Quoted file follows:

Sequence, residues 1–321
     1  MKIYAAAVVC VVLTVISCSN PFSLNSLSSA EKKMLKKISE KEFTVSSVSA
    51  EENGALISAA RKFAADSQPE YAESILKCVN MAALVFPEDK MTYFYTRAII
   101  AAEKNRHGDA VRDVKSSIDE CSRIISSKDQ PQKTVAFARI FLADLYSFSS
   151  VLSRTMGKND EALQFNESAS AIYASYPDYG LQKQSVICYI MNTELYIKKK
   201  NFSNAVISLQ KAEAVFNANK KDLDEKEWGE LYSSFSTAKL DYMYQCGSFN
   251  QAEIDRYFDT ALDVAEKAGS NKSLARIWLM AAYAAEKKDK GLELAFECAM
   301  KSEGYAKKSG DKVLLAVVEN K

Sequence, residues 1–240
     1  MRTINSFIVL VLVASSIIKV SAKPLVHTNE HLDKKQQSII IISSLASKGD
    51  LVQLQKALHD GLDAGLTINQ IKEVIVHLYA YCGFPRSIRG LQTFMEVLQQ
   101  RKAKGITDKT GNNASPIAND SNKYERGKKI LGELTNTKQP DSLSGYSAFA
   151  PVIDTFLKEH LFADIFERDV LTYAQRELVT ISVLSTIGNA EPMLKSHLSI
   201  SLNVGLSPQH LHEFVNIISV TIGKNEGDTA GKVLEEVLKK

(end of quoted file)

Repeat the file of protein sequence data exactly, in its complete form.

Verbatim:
Sequence, residues 1–321
     1  MKIYAAAVVC VVLTVISCSN PFSLNSLSSA EKKMLKKISE KEFTVSSVSA
    51  EENGALISAA RKFAADSQPE YAESILKCVN MAALVFPEDK MTYFYTRAII
   101  AAEKNRHGDA VRDVKSSIDE CSRIISSKDQ PQKTVAFARI FLADLYSFSS
   151  VLSRTMGKND EALQFNESAS AIYASYPDYG LQKQSVICYI MNTELYIKKK
   201  NFSNAVISLQ KAEAVFNANK KDLDEKEWGE LYSSFSTAKL DYMYQCGSFN
   251  QAEIDRYFDT ALDVAEKAGS NKSLARIWLM AAYAAEKKDK GLELAFECAM
   301  KSEGYAKKSG DKVLLAVVEN K

Sequence, residues 1–240
     1  MRTINSFIVL VLVASSIIKV SAKPLVHTNE HLDKKQQSII IISSLASKGD
    51  LVQLQKALHD GLDAGLTINQ IKEVIVHLYA YCGFPRSIRG LQTFMEVLQQ
   101  RKAKGITDKT GNNASPIAND SNKYERGKKI LGELTNTKQP DSLSGYSAFA
   151  PVIDTFLKEH LFADIFERDV LTYAQRELVT ISVLSTIGNA EPMLKSHLSI
   201  SLNVGLSPQH LHEFVNIISV TIGKNEGDTA GKVLEEVLKK